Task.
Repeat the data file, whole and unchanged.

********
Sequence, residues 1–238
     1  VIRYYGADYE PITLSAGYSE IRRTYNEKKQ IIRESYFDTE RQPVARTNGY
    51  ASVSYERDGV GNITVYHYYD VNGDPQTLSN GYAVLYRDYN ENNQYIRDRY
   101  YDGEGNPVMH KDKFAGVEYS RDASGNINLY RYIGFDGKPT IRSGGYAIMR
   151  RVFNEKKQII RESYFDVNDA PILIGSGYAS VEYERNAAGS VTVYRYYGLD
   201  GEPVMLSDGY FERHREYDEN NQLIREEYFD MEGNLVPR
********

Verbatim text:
Sequence, residues 1–238
     1  VIRYYGADYE PITLSAGYSE IRRTYNEKKQ IIRESYFDTE RQPVARTNGY
    51  ASVSYERDGV GNITVYHYYD VNGDPQTLSN GYAVLYRDYN ENNQYIRDRY
   101  YDGEGNPVMH KDKFAGVEYS RDASGNINLY RYIGFDGKPT IRSGGYAIMR
   151  RVFNEKKQII RESYFDVNDA PILIGSGYAS VEYERNAAGS VTVYRYYGLD
   201  GEPVMLSDGY FERHREYDEN NQLIREEYFD MEGNLVPR